Michael Schumacher no longer requires the level of attention he was receiving at Grenoble Hospital, and was checked out yesterday morning.
His manager and spokesperson stated “Michael has left the CHU Grenoble to continue his long phase of rehabilitation. He is not in a coma anymore.”
With the news of the 7 time world champion being transferred back to Switzerland to begin rehabilitation, came a wave of overwhelmingly positive messages from former colleagues and friends within a the F1 community.
Former title rival Fernando Alonso took to twitter to unload his relief, posting the message “Good start of the week with the news of Michael! So happy this is going in the good direction!”
Alonso coined his message with the recurring supportive hashtag ‘KeepFightingMichael.’
But as Formula 1’s most successful driver emerges from his coma after nearly half a year, questions of just how he managed to win his hardest battle begin to emerge.
“Even if – as seemed likely – Mr Schumacher had returned to ‘minimal consciousness,’ the statistics were against him” said Dr Gary Hartstein – who worked as one of Formula 1’s chief medical personnel until 2012.
Statistically, Michael Schumacher should not have woken up.
As has always been the case with Schumacher though, he defied the odds to come out on top. But what exactly got the German superstar through his coma?
Michael Schumacher’s relentlessness and sheer determination is legendary – anybody who disbelieves this observation for so much as a second can look to Damon Hill, who raced in direct competition with Schumacher in 1994. During the Spanish Grand Prix that year, Schumacher claimed his first victory of the season. His achievement was, however, overshadowed by Schumacher’s display of monumental perseverance, as he dragged his car across the line to finish in second position – despite being stuck in fifth gear for nearly three quarters of the race.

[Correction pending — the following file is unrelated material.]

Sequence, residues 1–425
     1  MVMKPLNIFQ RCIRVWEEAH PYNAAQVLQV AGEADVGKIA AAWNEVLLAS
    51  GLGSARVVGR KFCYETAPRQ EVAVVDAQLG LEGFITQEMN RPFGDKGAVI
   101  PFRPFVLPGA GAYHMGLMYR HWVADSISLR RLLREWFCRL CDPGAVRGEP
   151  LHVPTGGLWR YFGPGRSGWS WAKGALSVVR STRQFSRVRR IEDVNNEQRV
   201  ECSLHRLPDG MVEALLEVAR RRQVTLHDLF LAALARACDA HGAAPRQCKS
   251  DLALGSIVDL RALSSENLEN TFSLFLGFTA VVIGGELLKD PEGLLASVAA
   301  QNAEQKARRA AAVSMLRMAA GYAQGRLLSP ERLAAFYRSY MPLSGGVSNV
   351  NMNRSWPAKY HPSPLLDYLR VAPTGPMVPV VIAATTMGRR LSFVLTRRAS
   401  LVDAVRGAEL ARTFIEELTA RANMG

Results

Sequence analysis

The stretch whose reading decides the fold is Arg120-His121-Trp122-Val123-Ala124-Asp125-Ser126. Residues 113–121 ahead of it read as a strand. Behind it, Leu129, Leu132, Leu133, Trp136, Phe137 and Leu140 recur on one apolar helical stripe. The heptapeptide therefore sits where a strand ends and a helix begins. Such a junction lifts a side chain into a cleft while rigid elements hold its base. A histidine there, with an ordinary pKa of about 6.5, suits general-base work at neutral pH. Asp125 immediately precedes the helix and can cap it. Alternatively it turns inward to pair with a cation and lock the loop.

Schumacher went on to continue his winning ways two weeks later with a stunning pole to win conversion in Montreal.
Despite taking a colossal 91 victories in his F1 career, his ostensibly less remarkable results like that of Spain in 1994 rank amongst his greatest of all.
Similarly, his final Ferrari campaign at the Brazilian Grand Prix of 2006 saw him climb the field, only to be relegated to the back after a puncture, and then bulldoze back past his adversaries to finish a fantastic fourth. The conclusion we can draw from these two situations is that Michael Schumacher does not understand the concept of submission. He doesn’t give up.
Such an enormous quantity of self-belief, motivation and determination almost certainly aided him significantly in his 168 day coma battle.
But whilst there public, on-track performances are no doubt impressive, the most notable of positive factors would have certainly been his family.
Love is an exceptionally powerful motivator, and anyone who has observed the blinding infatuation in Corinna Schumacher’s eyes as she gazed at her husband of 18 years would know in a heartbeat that the intensity of the bond between the former saleswoman and her superstar partner knows no limits.
The couple married in August 1995 – immediately before Schumacher Ferrari career took off. As a result, Corinna endured partnering her F1 driver husband throughout almost his entire two decade career. Despite this, Corinna has made herself more open to publicity in these past six months than the entire two decades before, combined.
Why? Because she has been at her husband’s bedside every single day, from day one, to day one hundred and sixty-eight.